Those are just a few things that help me to remain focused on God and His love for me and my love for Him.  That is of the utmost importance in order for any of us to find any kind of happiness.  As the priest says to the countess in Bernanos’ The Diary of a Country Priest, “[God] is not the master of love, He is love itself.  If you wish to love, do not put yourself beyond love’s reach.”

Related posts:

Catholic and single: impossible?

Catholic and single: when sexuality gets you down…

I have encountered this question a number of times in the last three years.  It is often a sincere and earnest question, with which I empathize greatly.  Sometimes it is posed more cynically.  I’ve been met with my share of incredulity when speaking of my life as a single Catholic.

The usual point of contention is the Church’s teaching on chastity and on sexual expression being reserved exclusively for husbands and wives–and even within marriage, there are laws of chastity and properly-ordered sexual expression.  For all unmarried people, chastity requires complete sexual abstinence. Again, this is for all unmarried people: regardless of why they are unmarried, regardless of their sexual orientation, regardless of their state in life, regardless of how imminent their marriage may be.

This is a hard teaching. But is it impossible?  It can’t be if I and many other people live up to it.  So, do I have some kind of super-power?  Is my sex drive abnormally low?  If those were true, then I wouldn’t consider it such a “hard teaching.”  The fact is, I struggle with it as much as anyone, and occasionally I fall–and I’m not sure I would believe anybody who said otherwise.  So, then, how do we live according to this hard teaching?  There are three fundamental and inter-related requirements.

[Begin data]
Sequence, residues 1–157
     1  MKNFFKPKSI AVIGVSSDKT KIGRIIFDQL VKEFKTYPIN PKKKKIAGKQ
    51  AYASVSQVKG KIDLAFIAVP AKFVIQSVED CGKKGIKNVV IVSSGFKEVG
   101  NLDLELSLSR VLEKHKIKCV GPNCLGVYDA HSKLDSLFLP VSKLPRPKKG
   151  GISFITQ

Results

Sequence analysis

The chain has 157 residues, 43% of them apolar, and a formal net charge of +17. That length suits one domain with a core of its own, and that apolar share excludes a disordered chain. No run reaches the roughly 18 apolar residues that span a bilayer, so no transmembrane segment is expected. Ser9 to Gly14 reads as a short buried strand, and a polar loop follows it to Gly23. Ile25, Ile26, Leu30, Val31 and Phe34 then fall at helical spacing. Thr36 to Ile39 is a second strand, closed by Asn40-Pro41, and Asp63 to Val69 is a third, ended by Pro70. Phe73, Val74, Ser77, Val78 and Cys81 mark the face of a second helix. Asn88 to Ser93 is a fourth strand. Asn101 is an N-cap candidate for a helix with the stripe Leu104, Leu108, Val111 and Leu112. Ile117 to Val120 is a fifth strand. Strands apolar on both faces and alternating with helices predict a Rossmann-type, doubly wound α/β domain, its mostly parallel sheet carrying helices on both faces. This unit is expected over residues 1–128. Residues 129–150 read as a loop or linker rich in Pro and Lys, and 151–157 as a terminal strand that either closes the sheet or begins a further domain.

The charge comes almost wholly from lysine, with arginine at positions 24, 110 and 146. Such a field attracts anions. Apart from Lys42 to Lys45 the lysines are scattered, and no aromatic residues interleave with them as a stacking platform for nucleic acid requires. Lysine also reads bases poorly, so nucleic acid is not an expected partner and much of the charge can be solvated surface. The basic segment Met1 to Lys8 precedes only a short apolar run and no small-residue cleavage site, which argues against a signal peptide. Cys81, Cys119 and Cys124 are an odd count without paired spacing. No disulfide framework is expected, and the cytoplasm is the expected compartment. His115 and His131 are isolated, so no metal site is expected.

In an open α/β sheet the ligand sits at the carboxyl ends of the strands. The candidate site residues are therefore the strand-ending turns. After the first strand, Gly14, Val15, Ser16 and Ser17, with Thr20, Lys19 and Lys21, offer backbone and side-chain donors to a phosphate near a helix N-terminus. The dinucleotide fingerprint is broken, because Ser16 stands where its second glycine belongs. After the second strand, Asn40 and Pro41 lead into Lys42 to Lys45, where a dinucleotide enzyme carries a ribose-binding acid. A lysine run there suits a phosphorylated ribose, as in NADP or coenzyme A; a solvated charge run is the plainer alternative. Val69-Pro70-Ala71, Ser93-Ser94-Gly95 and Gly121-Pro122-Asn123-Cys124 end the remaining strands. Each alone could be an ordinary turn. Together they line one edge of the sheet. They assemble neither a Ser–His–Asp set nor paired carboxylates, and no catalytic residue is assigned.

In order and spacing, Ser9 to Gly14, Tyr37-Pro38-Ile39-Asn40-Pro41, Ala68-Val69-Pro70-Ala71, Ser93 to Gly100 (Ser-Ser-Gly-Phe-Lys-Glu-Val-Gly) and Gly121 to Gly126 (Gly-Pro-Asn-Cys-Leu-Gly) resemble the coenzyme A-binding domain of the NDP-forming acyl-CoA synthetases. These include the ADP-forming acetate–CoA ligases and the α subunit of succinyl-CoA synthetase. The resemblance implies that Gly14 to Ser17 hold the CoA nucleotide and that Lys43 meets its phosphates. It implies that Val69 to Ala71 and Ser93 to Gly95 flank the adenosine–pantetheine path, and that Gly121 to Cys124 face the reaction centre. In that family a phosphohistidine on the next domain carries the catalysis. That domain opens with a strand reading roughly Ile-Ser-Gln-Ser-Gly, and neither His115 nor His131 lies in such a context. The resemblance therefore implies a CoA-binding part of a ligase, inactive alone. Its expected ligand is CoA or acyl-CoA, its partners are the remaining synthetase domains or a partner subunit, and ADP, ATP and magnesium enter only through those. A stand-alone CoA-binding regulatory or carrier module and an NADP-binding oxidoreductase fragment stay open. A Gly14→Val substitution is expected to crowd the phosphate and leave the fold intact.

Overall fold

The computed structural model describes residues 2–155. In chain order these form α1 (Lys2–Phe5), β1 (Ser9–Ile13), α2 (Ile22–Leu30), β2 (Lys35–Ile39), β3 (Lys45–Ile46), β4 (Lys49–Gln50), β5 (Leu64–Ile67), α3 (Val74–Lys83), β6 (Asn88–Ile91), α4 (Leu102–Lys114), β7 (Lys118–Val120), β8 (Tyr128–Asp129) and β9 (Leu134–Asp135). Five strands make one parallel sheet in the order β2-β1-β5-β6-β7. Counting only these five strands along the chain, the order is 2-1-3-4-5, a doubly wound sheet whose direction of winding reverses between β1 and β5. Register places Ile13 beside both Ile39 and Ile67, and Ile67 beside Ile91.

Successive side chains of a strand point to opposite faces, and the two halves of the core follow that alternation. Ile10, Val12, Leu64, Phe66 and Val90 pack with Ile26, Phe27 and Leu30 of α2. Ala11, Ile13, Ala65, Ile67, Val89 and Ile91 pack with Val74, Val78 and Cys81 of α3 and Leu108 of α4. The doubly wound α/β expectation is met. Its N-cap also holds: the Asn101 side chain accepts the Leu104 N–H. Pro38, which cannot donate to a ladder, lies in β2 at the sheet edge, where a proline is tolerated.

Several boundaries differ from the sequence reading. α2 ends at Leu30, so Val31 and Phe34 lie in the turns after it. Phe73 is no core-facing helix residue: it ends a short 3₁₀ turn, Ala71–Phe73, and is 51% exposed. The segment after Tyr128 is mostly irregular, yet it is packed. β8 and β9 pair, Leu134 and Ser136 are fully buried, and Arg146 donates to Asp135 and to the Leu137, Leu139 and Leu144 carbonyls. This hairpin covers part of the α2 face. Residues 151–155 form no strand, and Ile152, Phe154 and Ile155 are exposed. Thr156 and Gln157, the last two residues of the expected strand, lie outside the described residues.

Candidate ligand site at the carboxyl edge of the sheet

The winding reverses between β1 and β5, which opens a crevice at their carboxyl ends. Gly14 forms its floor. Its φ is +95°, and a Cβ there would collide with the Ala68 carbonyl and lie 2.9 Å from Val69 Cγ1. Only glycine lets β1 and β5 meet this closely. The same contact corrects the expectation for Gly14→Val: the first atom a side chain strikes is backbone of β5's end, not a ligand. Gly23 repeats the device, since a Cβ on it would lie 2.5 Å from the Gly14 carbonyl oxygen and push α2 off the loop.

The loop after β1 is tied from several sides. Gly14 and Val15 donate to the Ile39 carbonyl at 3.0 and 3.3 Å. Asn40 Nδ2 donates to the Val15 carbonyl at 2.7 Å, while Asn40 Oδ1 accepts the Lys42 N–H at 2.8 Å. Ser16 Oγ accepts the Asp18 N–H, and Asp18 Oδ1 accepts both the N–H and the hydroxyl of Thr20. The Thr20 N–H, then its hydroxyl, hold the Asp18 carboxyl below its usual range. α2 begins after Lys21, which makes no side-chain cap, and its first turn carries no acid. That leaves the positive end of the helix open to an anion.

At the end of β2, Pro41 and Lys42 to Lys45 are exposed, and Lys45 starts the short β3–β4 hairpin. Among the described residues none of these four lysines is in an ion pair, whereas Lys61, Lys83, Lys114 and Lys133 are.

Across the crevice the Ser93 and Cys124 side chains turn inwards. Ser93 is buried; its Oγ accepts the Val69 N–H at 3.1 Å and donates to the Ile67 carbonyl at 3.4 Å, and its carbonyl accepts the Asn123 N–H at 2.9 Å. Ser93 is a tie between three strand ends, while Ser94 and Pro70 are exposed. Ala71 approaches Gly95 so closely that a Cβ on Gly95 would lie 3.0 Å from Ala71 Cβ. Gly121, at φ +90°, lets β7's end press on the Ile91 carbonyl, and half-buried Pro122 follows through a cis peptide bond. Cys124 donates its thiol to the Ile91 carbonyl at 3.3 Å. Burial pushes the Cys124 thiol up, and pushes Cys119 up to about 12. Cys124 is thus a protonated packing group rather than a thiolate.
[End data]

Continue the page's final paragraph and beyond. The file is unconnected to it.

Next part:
1)  We must stand apart from the secular world. This is important for Catholics to do in every aspect of life, but especially when it comes to chastity.  In the opinion of the secular world, chastity is impossible, or at least miserable.  In the secular world, even children are scarcely expected or encouraged to live chaste lives!  For one thing, chastity doesn’t sell.  For another, it doesn’t “feel good.”  The secular world is very much about money and self-gratification, and nothing is more easily exploited for those purposes than human sexuality.  This is pretty much the way it has always been.

For those who are (rightly) ashamed of being openly in thrall to money and gratification, there are all kinds of supposedly rational and scientific arguments that, as long as it is consensual, all sexual expression is normal and healthy and only natural, and that any kind of repression is harmful and turns people into basket cases–and the Catholic teaching of chastity sounds an awful lot like repression, doesn’t it?  My favorite is the “argument from nature,” in which nature is used to rationalize any and every kind of sexual behavior based on the fact that such behaviors have been observed among animals.  This argument is very faulty and capricious.  I’ve heard quite a lot of people use it to rationalize their preference for promiscuity and conveniently overlook the little fact that some animals are naturally monogamous.  Those who like to use it as rationalization for bad behavior drop it quickly as soon as some unnatural things like fast cars, computers, jet planes, and breast implants are concerned.

As for “repression” turning people into “basket cases,” experience simply doesn’t bear that out.  If anybody can make a good case for me, or any other chaste single Catholic being a basket case as a result of being a chaste single Catholic, I’d really like to hear it.